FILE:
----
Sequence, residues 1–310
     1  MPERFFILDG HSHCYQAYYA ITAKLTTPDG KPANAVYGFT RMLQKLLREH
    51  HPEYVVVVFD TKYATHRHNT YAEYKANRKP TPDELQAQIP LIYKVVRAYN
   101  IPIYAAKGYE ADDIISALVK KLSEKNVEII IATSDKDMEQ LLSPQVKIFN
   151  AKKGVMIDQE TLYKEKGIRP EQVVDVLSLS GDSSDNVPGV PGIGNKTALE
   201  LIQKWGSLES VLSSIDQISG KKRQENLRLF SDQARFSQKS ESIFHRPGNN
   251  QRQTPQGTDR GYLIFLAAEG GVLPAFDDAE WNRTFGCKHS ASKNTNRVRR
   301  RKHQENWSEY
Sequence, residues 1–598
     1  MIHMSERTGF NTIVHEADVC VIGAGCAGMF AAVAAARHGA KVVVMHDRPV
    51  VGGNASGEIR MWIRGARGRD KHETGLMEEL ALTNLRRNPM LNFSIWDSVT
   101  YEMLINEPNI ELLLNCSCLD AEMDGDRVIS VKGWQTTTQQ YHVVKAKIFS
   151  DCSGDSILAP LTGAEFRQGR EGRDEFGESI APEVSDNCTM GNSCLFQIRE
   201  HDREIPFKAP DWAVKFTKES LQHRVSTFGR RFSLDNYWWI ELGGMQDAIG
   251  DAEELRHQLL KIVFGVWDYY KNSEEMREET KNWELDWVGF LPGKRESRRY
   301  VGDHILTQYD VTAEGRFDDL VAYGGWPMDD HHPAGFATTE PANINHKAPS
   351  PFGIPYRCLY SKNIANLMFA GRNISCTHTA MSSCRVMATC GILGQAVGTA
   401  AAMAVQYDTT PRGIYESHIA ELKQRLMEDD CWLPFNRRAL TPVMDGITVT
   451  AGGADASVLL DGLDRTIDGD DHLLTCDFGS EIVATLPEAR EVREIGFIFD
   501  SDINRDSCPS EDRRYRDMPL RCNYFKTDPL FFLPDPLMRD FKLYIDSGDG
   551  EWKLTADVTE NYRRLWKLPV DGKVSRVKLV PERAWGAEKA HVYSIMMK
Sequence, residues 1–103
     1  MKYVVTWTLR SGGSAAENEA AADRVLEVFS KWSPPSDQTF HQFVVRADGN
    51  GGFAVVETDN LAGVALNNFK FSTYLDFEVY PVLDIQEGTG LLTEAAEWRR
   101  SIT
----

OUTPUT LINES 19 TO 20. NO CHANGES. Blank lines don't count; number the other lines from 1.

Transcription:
   451  AGGADASVLL DGLDRTIDGD DHLLTCDFGS EIVATLPEAR EVREIGFIFD
   501  SDINRDSCPS EDRRYRDMPL RCNYFKTDPL FFLPDPLMRD FKLYIDSGDG